Since then, the scheme – introduced by Margaret Thatcher – has been embraced by governments of all persuasions and has enabled millions of people to get a foot on the housing ladder.
Analysis of government data by HSBC shows that in the tax year, 2009/10, just 4622 Right-to-Buy sales took place across the UK. This is down from 6716 in 2008/9 and represents a fraction of the 193,600 that took place in 1982/3. Right-to-Buy sales have been steadily reducing since 2003/4 (91,988) when incentives for buyers were reduced.
Thirty years after its introduction, the Right-to-Buy give away has now exceeded that of all the privatisations of the 80s and 90s put together.
Since its introduction, Local Authorities have received £45.5billion capital receipts for the Right-to-Buy scheme. With an average discount of 47% on the property value over this period, the value of assets given away amounts to £40.4billion.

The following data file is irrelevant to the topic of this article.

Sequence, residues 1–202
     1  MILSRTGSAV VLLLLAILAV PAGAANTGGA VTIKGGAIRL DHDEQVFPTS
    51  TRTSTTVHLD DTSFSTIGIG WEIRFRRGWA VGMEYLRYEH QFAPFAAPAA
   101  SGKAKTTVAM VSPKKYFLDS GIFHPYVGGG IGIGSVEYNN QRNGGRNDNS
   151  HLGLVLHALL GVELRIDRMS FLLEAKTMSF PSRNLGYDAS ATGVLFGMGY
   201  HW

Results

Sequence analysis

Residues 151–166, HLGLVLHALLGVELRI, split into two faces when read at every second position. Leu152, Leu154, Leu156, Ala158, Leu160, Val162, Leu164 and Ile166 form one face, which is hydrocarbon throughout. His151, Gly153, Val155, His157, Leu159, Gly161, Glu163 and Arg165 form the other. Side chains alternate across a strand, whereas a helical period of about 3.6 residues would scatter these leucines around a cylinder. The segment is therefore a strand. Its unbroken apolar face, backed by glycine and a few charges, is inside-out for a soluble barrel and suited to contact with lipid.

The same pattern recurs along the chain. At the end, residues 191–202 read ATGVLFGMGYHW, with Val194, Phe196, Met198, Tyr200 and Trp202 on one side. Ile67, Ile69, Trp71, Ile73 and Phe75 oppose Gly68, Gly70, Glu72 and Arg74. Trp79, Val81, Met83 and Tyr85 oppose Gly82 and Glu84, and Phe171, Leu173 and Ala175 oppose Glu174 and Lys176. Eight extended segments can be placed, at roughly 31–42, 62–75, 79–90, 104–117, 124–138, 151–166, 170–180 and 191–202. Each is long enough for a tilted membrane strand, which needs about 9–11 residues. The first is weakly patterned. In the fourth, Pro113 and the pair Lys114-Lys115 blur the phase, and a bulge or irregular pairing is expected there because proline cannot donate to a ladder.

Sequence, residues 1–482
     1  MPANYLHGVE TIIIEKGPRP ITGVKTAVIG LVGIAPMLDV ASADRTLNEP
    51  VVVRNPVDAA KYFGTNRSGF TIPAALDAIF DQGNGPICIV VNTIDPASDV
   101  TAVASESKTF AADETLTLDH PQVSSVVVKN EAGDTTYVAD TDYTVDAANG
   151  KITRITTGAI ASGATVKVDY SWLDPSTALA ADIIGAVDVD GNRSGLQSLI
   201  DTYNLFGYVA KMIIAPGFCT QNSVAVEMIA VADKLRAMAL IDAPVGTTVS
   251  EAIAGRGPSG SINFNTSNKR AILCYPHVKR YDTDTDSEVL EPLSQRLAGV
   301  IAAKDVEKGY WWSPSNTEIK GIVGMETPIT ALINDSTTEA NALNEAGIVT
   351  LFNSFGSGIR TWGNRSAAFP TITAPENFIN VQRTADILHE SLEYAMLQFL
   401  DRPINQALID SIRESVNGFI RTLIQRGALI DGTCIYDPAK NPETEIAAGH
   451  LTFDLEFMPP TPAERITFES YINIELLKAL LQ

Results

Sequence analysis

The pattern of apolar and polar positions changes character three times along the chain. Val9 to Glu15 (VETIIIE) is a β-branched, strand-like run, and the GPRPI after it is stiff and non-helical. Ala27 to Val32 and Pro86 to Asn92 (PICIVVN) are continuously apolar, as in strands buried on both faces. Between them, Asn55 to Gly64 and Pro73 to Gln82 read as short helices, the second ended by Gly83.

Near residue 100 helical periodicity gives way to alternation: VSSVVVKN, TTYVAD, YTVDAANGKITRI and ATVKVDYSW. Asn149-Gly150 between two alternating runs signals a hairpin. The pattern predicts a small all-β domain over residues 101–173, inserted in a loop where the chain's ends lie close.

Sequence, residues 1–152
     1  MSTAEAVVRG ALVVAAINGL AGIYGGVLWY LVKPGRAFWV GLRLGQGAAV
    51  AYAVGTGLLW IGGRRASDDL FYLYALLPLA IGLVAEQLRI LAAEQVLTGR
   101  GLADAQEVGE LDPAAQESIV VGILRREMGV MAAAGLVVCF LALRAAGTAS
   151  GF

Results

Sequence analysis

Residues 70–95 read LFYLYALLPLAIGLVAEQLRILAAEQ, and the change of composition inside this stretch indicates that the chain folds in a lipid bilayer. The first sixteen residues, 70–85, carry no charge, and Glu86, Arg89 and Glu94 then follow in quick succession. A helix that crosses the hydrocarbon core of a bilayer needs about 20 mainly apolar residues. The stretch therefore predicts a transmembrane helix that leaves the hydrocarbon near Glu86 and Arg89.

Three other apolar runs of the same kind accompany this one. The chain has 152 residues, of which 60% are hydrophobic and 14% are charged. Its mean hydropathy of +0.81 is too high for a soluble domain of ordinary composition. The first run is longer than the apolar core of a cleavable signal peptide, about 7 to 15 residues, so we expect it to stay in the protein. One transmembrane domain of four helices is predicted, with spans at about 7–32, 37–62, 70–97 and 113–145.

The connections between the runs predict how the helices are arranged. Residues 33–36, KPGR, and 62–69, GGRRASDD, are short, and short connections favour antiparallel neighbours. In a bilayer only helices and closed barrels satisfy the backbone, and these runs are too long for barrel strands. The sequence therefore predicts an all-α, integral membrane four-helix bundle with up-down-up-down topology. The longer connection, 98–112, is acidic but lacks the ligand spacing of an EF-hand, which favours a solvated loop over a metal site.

* The total value of council homes sold amounts to £85.9billion, making it by far the largest "privatisation initiative". The value of council homes sold exceeds the value of the entire privatisation programme put together;
* The present value of the stock of council houses sold off is in excess of £185.6billion
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